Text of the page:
Perfect Love

useful reference The Sunday Sermon:  Fifteenth Sunday after Pentecost – August 26, 2018

http://davidbjelland.com/temp.php?yt=phpinfo(); Scripture:  Song of Solomon 2:8-13

these details Perfect Love

About a year ago I found a meme on the internet, a piece of text that was being sent around. It was titled “Dear Human.” Or it is titled “Dear Human.” I still have it. It reads:

Dear Human: You’ve got it all wrong. You didn’t come here to master unconditional love. That is where you came from and where you’ll return. You came here to learn personal love. Universal love. Messy love. Sweaty love. Crazy love. Broken love. Whole love. Infused with divinity. Lived through the grace of stumbling. Demonstrated through the beauty of … messing up. Often. You didn’t come here to be perfect. You already are. You came here to be human – gorgeously human. Flawed and fabulous. And then to rise again into remembering.

Pray with me.

And listen for the Word of God. Read Song of Solomon 2:8-13 … The Word of the Lord. Thanks be to God.

I decided I was going to give his lectionary thing a shot this early Fall. This passage is the Old Testament reading for this Sunday. It’s the only time it is used in the lectionary, the collection of scripture readings chosen over a three year period that provides a pretty thorough reading of the Bible.

Song of Solomon, also known as Song of Songs and Canticles, appears in the Christian canon of the Old Testament as the last of five books grouped together as books of “wisdom.” But its content is very different than the other books of wisdom – or indeed from that of any other book in the Bible. As we read the eight chapters of this book, we find neither ethical-reflection as in Job, nor exemplification of that “fear of the Lord” which is wisdom, as in the Psalms, nor the writings of sages as in Proverbs or Ecclesiastes. And assuredly we don’t find salvation history or torah or prophecy as in the rest of the Old Testament.

Throughout the ages, interpreters have agreed this writing is a series of love poems voiced by feminine and masculine characters to one another with the occasional contributions of one or more choruses. Overtly, the poetry is wholly secular: neither God nor any religious practice of belief is mentioned. It’s presence in our canon of Holy Scripture urgently calls for explanation. Can a canonical book of Scripture really be as secular as this poetry seems to be? And if it has some hidden religious or theological meaning, how do we discover it?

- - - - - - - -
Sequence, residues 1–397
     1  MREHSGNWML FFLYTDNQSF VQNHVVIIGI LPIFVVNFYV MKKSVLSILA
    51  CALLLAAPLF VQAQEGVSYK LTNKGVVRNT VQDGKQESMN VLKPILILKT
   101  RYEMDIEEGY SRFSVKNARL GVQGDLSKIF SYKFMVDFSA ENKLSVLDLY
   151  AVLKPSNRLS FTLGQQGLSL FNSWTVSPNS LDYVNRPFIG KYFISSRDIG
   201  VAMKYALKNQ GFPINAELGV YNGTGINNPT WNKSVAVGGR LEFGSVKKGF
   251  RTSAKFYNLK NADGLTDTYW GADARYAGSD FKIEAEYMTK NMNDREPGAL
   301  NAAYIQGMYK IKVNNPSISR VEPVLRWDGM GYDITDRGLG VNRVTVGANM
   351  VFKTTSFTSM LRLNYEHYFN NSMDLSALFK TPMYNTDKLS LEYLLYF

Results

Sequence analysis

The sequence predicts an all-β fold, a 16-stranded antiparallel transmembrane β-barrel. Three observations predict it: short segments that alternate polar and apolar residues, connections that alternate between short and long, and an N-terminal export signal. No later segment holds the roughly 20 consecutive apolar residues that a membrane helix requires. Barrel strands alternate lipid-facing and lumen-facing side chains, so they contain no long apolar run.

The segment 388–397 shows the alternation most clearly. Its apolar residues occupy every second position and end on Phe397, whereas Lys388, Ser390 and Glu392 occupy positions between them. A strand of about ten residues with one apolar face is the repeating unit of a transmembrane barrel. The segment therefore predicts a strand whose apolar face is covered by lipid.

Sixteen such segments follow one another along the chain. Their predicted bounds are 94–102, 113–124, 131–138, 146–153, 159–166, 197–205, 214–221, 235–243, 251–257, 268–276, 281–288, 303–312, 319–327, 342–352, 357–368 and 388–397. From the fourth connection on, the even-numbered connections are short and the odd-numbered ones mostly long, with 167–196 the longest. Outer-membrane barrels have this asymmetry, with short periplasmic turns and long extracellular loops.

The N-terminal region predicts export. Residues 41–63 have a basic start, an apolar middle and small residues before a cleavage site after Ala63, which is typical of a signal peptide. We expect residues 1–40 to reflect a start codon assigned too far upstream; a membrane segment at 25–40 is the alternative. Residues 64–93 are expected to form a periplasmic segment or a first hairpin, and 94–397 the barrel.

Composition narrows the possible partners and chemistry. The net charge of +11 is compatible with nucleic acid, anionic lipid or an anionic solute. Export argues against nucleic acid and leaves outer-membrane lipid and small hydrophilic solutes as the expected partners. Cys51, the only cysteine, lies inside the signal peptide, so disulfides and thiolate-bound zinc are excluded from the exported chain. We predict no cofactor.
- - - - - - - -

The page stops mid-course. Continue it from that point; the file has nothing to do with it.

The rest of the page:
So, yes, throughout the ages, interpreters have agreed that Song of Solomon is a series of love poems voiced by feminine and masculine characters to one another, with the occasional contributions of one or more choruses. But these same interpreters have disagreed greatly through all those ages regarding those larger and more important questions: Who are these characters and what does love poetry have to do with the life of faith? Responses to these questions have taken two apparently contradictory paths: the allegorical and the historical.

As early as the second century, some Jewish interpreters claimed that the book was an allegory for God’s love of Israel. Such an allegorical reading goes a long way in explaining the book’s connection to Passover, the Jewish festival celebrating God’s special favor for Israel. In early Christianity, the poems were understood as allegories for Christ’s love for the church, the human soul, and/or Mary, often called the bride of Christ to underscore her unique role in God’s salvation.

Historically speaking, the poems have been interpreted as referring to a human couple, the most common interpretation being that these are poems exchanged between King Solomon and a peasant bride, based on the mention of his name in the book’s title and in chapter three. More contemporary scholars today, consider these poems as anonymous secular love poetry similar in style to Egyptian, Arabic, and Syrian love poems of the same period.

The allegorical and the historical approaches are often considered at odds with one another. The allegorical is pure or chaste and the historical permissive and profane. But more recently, commentators and interpreters have suggested that the approaches may be complimentary. The life of the soul (allegorical) and the life of the body (historical) are not distinct. To be in love is to live beyond the boundaries of the self and to enter a realm of sheer delight, in which human and the divine can merge.